Figure 3. Electrofishing is used to sample fish communities and to collect fish for contamination studies in the streams and rivers in Mississippi.
In Mississippi, scientists from the USGS study invasive and exotic species, fire ecology, bottomland hardwoods, and seagrasses. USGS research on exotic species includes exotic cogon grass at the Mississippi Sandhill Crane National Wildlife Refuge and invasion of woody plants into abandoned agriculture fields in the Yazoo National Wildlife Refuge. Fire research examines the effects of controlled burning on wet pine savanna habitat that is being restored for the endangered Mississippi sandhill crane, carnivorous plants, and other species at risk at the Crane Refuge.
Nationally, more than 80 percent of the historical southern forested wetlands has been lost, yet the remaining 20 percent still accounts for more than one-third of all wetlands in the lower 48 States. In an attempt to understand what the Nation has lost, the USGS is conducting genetic diversity research of bottomland hardwoods in the Hillside, Noxubee, Panther, and Yazoo National Wildlife Refuges. Finally, the USGS conducts seagrass mapping in areas of the Gulf Islands National Seashore.
Information about the location, quantity, and quality of the Nations coal resources to be consumed during the next 20 years will be needed by national and regional planners. In the National Coal Assessment Program, the USGS will work with the Mississippi Office of Geology to identify the location and quality of coal resources in the State, including coal that may be suitable for export, on public and private lands. The USGS is providing information to several Federal and State agencies that is intended to aid Mississippi and its industry in developing strategies to mitigate problems associated with acid rain and acidic mine drainage caused by the mining and burning of coal.
The USGS STATEMAP program is supporting detailed mapping by the Mississippi Office of Geology of north-central Mississippi, where economically significant deposits of lignite are being considered for power generation. Lignite production will require strip mining and construction of a power plant. This part of the State also is a recharge area for an important aquifer where protection of the ground-water supply is necessary.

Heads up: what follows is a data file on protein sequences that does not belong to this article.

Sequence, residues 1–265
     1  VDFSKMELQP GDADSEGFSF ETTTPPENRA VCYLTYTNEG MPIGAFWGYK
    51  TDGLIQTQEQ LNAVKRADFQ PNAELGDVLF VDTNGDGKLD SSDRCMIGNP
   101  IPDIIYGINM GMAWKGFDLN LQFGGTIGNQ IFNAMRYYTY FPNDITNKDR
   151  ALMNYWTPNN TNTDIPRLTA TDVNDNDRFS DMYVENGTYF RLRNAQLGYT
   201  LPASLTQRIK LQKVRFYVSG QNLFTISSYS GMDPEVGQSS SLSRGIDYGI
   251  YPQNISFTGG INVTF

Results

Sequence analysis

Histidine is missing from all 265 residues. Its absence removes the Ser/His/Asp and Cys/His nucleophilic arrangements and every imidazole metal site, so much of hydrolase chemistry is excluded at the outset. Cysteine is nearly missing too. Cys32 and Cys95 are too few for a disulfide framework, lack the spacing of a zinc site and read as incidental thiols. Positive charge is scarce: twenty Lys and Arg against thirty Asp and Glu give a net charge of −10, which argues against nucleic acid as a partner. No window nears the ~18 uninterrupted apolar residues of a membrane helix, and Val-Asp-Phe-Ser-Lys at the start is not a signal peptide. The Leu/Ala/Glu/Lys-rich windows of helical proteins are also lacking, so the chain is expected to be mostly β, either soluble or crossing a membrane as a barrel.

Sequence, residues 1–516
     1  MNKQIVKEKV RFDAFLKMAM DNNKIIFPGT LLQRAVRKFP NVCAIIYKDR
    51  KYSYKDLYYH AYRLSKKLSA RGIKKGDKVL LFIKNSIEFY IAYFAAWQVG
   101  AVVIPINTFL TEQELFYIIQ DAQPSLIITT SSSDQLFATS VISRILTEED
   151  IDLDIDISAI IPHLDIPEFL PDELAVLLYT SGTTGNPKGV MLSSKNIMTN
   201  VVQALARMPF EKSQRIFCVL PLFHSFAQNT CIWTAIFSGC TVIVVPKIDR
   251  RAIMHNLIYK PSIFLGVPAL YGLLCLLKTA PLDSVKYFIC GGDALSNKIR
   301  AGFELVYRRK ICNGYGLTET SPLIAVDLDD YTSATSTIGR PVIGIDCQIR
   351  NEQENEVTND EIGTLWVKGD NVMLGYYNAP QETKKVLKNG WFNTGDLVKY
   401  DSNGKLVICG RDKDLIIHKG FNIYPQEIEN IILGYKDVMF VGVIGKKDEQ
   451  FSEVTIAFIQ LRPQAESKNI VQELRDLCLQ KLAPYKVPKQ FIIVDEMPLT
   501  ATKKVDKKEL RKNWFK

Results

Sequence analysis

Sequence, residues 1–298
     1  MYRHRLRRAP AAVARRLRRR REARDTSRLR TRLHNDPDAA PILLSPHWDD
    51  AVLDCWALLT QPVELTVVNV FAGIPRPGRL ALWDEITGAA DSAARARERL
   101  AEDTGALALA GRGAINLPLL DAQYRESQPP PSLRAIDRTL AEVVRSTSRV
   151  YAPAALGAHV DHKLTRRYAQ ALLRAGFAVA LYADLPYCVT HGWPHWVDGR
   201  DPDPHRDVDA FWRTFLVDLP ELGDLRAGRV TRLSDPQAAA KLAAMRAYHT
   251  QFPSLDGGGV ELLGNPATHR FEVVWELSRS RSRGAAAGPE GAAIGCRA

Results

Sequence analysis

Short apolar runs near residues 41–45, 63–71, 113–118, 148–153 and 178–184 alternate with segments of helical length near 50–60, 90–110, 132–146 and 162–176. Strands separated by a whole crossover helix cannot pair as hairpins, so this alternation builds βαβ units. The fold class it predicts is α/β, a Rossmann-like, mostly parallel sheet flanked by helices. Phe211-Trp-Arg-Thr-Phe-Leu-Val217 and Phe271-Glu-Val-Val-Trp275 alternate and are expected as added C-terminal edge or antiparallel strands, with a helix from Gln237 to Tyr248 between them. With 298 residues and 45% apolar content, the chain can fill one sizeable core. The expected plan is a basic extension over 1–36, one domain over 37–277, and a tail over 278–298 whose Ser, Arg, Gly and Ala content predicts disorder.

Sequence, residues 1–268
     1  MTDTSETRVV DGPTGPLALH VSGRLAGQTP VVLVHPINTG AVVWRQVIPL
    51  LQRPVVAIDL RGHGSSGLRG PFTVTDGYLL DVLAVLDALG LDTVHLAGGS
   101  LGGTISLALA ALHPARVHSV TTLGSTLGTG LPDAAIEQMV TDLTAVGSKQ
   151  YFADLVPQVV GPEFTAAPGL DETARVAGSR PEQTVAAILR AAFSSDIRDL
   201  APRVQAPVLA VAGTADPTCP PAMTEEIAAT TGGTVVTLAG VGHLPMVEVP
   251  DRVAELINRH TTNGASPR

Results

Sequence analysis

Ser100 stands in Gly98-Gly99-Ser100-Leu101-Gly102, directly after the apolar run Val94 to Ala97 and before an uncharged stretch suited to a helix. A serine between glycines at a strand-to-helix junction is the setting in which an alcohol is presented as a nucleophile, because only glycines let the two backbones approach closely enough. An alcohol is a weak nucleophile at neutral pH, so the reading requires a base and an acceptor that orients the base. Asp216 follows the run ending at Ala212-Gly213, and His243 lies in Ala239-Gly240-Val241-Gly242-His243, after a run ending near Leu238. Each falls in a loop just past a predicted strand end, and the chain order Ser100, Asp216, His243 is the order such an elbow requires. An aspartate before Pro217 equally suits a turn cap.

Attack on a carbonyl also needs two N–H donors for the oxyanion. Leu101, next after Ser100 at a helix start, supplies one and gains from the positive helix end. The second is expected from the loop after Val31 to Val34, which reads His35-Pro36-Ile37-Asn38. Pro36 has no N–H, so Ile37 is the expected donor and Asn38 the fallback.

The USGS has developed a strategy to help identify the 7.5-minute topographic maps that are in demand and need revision. This plan uses monthly sales of USGS maps as one criterion to determine the demand and set priorities in the map revision process. Those maps that need to be revised and are in high demand will be authorized. Other maps are selected for revision by cooperating agencies. The Mississippi Department of Environmental Quality, Office of Geology, selects the maps to be revised under a cost-sharing agreement with the USGS. The topographic map of the Jackson area has been revised, with the Mississippi Office of Geology providing onsite or field verification of buildings and other features and also accurate control for the contour revisions.
The work of the USGS in Mississippi is accomplished, in part, through cooperation with local, State, and other Federal agencies who share in the planning and financial support of the program. Local and State agencies that provided funding and services in support of water resources during 1995-2000 include the City of Jackson; the Harrison County Board of Supervisors; the Harrison County Development Commission; the Jackson County Board of Supervisors; the Jackson County Port Authority; the Mississippi Automated Resource Information Systems; the Mississippi Department of Agriculture and Commerce; the Mississippi Department of Environmental Quality, Office of Land and Water Resources, Office of Pollution Control, and Office of Geology; the Mississippi Department of Marine Resources; the Mississippi Department of Transportation; the Mississippi Emergency Management Agency; the Mississippi Rural Water Association; the Mississippi Soil and Water Conservation Commission; the Mississippi State Department of Health; the Pat Harrison Waterway District; the Pearl River Basin Development District; the Pearl River Valley Water Supply District; and the Yazoo Mississippi Delta Joint Water Management District. Federal agencies include the Bureau of Land Management; the Federal Emergency Management Agency; the U.S. Army Corps of Engineers, Mobile District and Vicksburg District; the U.S. Department of Agriculture, Natural Resources Conservation Service; the U.S. Environmental Protection Agency, Region IV and Region IX; and the U.S. Fish and Wildlife Service. Also, the USGS works with and provides support to the Mississippi Water Resources Research Institute, which conducts programs involving research, education, and information and technology transfer.
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Last modified: Tuesday, February 18 2014, 12:42:14 PM